Legal personality allows one or more natural persons (universitas personarum) to act as an entity (legal person) for legal purposes. In many jurisdictions, artificial personality allows this company to be considered legally distinct from its individual members (for example, in a public company, its shareholders). They can sue and be sued, enter into contracts, incur debts and own property. Companies with legal personality may also be subject to certain legal obligations, such as the payment of taxes. A company with legal personality may protect its members from personal liability. The original of this Convention, of which the Arabic, Chinese, English, French, Russian, Spanish and Spanish texts are equally authentic, shall be deposited with the Secretary-General of the United Nations. In witness whereof, the undersigned Plenipotentiaries, being duly authorized thereto by their respective Governments, have signed this Agreement. The term « legal person » can be ambiguous as it is often used as a synonym for terms that refer only to non-human legal persons, especially as opposed to « natural person ».   Subsequent statements interpreted these comments prior to oral argument as part of the court decision.  Accordingly, the First Amendment does not permit Congress to pass legislation restricting the freedom of expression of a political company or action group or requiring reporting in a local newspaper, and the Due Process Clause does not allow a state government to take possession of a corporation without due process and fair compensation.
This protection applies to all legal persons, not just companies. 34. In the past, OECD activities in the area of privacy and related areas have focused on automatic data processing and computer networks. The expert group paid particular attention to whether these guidelines should be limited to automated and computerised processing of personal data. Such an approach can be defended for a number of reasons, such as the particular risks to the privacy of individuals arising from automation and computerised databases, the increasing predominance of automated data-processing methods, in particular in transborder data flows, as well as the specific information policy framework, in the area of information and communication technology, in which the expert group intends to fulfil its mandate. 4. The first election of the Committee shall take place not later than six months after the entry into force of this Agreement and every two years thereafter. At least four months before the date of each election, the Secretary-General of the United Nations shall address a letter to the States Parties inviting them to submit their candidatures within two months. The Secretary-General shall then prepare a list of all persons so designated in alphabetical order, indicating the States Parties which have nominated them, and submit it to the States Parties to the present Convention.
4. To date, more than one third of OECD member states have adopted one or more laws aimed, inter alia, at protecting individuals against the misuse of data concerning them and granting them the right of access to data in order to verify their accuracy and adequacy. In federal states, these laws can be found at the federal, state, or state level. These laws are called differently in different countries. In continental Europe, for example, it is common to speak of « data laws » or « data protection laws », while in English-speaking countries they are generally referred to as « privacy protection laws ». Most laws were enacted after 1973, and this current period can be described as continuous or even expanded legislative activity. Countries that already have laws in place are looking to new areas of protection or are in the process of revising or supplementing existing laws. Several other countries are joining the region and have pending bills or studying issues with a view to drafting legislation.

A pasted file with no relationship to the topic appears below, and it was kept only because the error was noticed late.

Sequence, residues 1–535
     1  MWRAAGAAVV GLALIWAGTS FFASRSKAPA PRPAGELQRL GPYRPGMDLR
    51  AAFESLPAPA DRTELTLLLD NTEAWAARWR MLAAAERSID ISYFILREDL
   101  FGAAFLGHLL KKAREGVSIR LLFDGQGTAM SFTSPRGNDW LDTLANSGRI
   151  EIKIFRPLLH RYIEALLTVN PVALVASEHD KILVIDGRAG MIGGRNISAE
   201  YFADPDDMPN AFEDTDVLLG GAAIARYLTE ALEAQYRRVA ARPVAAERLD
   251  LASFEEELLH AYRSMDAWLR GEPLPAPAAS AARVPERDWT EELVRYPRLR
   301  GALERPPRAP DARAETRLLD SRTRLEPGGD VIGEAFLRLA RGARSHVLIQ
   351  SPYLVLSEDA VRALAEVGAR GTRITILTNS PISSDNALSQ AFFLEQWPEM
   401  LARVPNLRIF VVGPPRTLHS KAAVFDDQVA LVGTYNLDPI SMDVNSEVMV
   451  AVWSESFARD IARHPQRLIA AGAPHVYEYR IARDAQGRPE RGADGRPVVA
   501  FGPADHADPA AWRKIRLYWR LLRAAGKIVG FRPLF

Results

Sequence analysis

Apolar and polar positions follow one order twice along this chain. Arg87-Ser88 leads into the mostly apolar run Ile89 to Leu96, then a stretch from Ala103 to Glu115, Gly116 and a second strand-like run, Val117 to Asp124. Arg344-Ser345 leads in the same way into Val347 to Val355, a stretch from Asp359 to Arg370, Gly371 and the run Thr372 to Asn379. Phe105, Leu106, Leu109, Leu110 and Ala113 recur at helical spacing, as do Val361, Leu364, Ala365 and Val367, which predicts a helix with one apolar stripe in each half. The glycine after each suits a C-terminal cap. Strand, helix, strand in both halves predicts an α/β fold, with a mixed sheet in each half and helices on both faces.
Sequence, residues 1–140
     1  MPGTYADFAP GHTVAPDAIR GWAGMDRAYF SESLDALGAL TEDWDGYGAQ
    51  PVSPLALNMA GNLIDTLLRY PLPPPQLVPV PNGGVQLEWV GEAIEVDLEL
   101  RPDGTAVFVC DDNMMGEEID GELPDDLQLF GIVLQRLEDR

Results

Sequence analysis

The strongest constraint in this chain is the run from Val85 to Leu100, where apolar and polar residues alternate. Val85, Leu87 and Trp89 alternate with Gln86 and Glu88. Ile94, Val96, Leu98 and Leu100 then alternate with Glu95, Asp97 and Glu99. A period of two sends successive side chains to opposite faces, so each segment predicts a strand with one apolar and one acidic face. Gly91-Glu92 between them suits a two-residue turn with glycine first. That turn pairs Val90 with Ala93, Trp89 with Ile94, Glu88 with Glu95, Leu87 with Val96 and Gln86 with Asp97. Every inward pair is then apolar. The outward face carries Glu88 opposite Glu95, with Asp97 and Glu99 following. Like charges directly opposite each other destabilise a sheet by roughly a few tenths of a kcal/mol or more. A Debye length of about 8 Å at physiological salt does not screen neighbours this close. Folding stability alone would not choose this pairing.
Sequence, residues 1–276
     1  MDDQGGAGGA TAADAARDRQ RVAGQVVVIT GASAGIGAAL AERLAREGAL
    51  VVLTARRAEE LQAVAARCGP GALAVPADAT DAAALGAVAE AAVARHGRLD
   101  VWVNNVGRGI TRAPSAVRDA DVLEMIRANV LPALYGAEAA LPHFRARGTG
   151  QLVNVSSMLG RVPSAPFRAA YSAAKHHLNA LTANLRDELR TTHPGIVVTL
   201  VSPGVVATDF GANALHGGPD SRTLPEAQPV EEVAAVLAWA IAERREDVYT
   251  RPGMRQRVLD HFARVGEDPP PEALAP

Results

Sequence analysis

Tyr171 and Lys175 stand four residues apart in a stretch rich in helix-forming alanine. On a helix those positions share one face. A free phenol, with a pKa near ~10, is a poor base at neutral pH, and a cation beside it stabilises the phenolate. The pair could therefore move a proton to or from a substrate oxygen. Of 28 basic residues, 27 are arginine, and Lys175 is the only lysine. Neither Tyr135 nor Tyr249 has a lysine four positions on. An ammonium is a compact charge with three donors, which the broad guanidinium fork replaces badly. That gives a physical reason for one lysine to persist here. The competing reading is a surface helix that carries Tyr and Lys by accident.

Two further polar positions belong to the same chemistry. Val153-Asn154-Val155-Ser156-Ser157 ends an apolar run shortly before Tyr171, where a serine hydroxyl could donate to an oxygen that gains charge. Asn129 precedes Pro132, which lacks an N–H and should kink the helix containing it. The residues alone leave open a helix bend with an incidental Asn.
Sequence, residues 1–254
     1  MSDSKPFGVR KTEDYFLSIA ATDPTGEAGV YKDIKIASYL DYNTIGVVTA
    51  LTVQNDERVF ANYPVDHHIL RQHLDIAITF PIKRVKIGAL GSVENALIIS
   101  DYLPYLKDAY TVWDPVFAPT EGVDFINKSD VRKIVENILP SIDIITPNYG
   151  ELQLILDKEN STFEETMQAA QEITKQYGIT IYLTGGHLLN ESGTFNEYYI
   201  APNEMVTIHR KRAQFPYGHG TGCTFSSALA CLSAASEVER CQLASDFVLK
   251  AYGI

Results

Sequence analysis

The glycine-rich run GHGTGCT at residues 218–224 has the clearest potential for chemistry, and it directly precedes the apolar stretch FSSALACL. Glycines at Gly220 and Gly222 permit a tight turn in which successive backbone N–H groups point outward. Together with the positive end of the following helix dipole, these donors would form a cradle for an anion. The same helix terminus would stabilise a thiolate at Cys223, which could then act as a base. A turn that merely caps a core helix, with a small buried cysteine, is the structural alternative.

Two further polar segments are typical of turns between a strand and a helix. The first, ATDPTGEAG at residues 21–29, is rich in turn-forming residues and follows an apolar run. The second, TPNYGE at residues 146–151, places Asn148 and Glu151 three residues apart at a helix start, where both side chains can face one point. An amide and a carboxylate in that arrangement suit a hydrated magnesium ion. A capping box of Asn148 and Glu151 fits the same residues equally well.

These national efforts, including detailed reports and research papers produced by public committees or similar bodies, help clarify the problems and the benefits and implications of different solutions. At present, they provide a solid basis for international action. 29. It has already been pointed out that the protection of privacy and individual freedoms is one of many overlapping legal aspects in data processing. The guidelines represent a new instrument, in addition to other related international instruments governing issues such as human rights, telecommunications, international trade, copyright and various information services. Where appropriate, the principles set out in the Guidelines could be further developed in the context of OECD activities in the field of information, informatics and communication policy. 5. Different countries` approaches to privacy and individual freedoms have many similarities. This makes it possible to identify certain fundamental interests or values that are generally regarded as elementary elements of the scope of protection. Some such basic principles are: setting limits for the collection of personal data in accordance with the data collector`s objectives and similar criteria; restricting the use of data to openly defined purposes; create opportunities for individuals to be informed about the existence and content of data and to have data corrected; and identification of parties responsible for compliance with relevant data protection regulations and decisions.